Posts tagged ‘Garth Brooks’

January 27, 2012

Can a Nonprofit Return a Donor’s Gift?

Two relatively recent news events have raised the issue of nonprofit organizations returning gifts to donors:

 

  • The mainstream media wanted to know if Penn State University should return donations to donors who ask for a refund or should Penn State stick to its longstanding policy of not returning gifts. Following the Jerry Sandusky child sex-abuse scandal, the University affirmed its no-refund policy in its official talking points.

 

  • The mainstream media also took notice of a lawsuit filed by country music star Garth Brooks against INTEGRIS Canadian Valley Regional Hospital. Brooks sought the return of a $500,000 contribution. The media wondered if the Hospital should have returned the donation before things ended up in court.

 

Since much has already been said about whether gifts should be returned upon a request by a donor, I want to focus on whether a nonprofit organization can legally return a donation.

I’m not a lawyer. So, I decided to contact one. I spoke with a high-ranking state official who specializes in the regulation of nonprofit organizations. The official requested anonymity since we were discussing hypothetical situations.

Under certain circumstances, nonprofit organizations can refund a donor’s contribution. However, under other circumstances, returning a donor’s gift could result in a review by state authorities. Whether or not a situation results in state review will depend on a given state’s regulations, the impact returning the gift would have on the nonprofit, and the size of the gift in question,.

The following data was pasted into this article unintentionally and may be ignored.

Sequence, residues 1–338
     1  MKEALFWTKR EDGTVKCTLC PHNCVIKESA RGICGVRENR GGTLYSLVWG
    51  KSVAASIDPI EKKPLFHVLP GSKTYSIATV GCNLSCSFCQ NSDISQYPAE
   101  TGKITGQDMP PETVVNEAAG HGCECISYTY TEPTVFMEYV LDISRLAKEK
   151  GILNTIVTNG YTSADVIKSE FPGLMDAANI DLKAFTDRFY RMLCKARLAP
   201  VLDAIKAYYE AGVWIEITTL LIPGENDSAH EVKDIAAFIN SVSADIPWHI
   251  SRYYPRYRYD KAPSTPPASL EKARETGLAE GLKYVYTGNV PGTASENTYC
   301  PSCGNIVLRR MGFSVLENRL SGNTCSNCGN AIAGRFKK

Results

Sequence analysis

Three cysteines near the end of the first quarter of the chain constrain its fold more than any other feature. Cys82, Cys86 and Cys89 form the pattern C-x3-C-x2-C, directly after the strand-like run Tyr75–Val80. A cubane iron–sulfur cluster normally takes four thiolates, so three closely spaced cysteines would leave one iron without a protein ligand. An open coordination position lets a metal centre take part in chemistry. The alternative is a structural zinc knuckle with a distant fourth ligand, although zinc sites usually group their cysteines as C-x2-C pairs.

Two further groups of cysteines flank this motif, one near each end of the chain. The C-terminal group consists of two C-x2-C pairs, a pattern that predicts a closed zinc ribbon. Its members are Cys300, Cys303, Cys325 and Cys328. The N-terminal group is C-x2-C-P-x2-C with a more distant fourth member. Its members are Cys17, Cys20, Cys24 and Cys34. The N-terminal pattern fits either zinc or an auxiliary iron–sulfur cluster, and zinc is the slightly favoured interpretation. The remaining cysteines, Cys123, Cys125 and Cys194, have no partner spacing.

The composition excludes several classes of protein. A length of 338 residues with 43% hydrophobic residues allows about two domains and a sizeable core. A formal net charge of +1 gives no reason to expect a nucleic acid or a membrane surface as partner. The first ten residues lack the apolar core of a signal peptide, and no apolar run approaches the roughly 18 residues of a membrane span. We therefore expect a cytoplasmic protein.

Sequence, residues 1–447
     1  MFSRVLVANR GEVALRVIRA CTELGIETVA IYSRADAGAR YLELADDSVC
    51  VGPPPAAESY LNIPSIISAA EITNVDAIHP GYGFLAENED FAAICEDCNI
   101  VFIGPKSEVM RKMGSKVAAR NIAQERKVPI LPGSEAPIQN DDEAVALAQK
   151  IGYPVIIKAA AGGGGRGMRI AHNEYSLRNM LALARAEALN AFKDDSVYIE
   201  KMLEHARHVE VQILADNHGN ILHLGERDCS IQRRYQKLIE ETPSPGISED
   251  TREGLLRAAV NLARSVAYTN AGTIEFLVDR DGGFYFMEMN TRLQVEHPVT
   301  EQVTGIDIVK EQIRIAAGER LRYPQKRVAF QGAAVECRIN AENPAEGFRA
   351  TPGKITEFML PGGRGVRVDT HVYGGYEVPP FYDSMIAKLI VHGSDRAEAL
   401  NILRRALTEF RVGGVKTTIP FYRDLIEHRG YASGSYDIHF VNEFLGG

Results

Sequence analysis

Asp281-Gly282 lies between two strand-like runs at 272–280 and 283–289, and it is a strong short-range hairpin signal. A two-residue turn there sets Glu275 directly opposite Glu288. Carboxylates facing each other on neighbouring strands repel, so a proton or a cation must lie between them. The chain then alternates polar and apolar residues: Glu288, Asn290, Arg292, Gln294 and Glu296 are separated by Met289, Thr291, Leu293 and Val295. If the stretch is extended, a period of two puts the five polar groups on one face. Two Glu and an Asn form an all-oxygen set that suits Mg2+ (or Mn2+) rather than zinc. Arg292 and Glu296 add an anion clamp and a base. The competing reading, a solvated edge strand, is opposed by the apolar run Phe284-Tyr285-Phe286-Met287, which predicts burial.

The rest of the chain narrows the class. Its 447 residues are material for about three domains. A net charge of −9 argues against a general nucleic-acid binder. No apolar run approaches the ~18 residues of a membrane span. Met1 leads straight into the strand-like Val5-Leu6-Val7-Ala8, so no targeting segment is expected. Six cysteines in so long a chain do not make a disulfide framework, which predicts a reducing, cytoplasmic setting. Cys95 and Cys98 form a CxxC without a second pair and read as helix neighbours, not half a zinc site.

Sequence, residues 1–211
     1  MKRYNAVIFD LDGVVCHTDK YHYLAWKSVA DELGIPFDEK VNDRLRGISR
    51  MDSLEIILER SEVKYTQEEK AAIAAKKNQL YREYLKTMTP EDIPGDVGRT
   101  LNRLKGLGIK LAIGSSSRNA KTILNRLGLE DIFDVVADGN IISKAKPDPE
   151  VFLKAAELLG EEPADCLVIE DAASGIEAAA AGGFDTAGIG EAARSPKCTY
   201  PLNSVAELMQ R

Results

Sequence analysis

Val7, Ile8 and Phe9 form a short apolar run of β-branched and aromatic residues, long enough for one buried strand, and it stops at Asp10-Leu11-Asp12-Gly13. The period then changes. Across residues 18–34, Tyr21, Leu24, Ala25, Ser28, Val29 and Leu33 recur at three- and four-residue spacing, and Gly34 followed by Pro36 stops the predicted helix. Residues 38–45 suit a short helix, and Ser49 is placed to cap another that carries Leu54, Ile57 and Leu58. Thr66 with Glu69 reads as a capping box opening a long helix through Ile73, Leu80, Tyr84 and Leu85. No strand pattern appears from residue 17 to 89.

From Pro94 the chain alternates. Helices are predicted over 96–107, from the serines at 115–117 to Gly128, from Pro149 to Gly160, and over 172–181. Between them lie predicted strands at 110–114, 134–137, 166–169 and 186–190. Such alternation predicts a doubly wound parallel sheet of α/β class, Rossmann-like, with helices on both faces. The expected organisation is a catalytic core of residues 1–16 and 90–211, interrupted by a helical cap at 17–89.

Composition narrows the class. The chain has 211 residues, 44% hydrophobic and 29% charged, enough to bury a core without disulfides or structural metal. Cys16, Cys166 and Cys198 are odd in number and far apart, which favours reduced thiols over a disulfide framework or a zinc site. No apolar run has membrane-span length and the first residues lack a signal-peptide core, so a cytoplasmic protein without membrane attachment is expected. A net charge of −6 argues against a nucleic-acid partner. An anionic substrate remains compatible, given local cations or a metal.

Different states have different laws and regulations governing nonprofit organizations. However, most, if not all, state rules are vague on the point of charities returning gifts. What states do recognize is that when a donor gives money to a nonprofit organization, that money is no longer the donor’s once accepted by the charity. Instead, the money is, in effect, owned by the public interest. Because nonprofit organizations exist to benefit the public interest, regulators will be concerned that gifts are used to further the public interest. Returning a donor’s gift could be contrary to the public interest. That’s the issue for regulators.

For example, a donor may want his $1 million gift returned. However, at the time of the request, the nonprofit may have already spent the money on construction of a new building. It may no longer be holding the donor’s money. And, it may not have sufficient cash on-hand to provide a refund. Or, providing a refund may substantially hurt the organization’s financial health. In such a situation, state regulators might find that returning the gift could be counter to the public interest and might move to block a refund.

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January 20, 2012

Garth Brooks Sues Hospital for Return of $500,000 Gift

The news about country-music superstar Garth Brooks this week was not about his latest appearance on stage. Instead, the big story was about his appearance in a courtroom as jury selection began in his civil lawsuit against Integris Canadian Valley Regional Hospital, Yukon, OK. Brooks is seeking the return of his $500,000 contribution since the Hospital has neglected to name a building after his late mother, as he asserts was the agreement.